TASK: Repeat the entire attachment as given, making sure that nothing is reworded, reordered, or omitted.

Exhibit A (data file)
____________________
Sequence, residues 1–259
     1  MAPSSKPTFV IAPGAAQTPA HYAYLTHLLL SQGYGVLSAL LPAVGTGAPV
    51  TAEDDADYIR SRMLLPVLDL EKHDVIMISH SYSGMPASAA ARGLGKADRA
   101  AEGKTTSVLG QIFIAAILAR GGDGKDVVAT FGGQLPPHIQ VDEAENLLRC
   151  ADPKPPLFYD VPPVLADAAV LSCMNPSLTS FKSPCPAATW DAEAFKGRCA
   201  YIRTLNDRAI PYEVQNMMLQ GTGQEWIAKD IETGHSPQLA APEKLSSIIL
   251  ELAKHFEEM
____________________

Sequence, residues 1–259
     1  MAPSSKPTFV IAPGAAQTPA HYAYLTHLLL SQGYGVLSAL LPAVGTGAPV
    51  TAEDDADYIR SRMLLPVLDL EKHDVIMISH SYSGMPASAA ARGLGKADRA
   101  AEGKTTSVLG QIFIAAILAR GGDGKDVVAT FGGQLPPHIQ VDEAENLLRC
   151  ADPKPPLFYD VPPVLADAAV LSCMNPSLTS FKSPCPAATW DAEAFKGRCA
   201  YIRTLNDRAI PYEVQNMMLQ GTGQEWIAKD IETGHSPQLA APEKLSSIIL
   251  ELAKHFEEM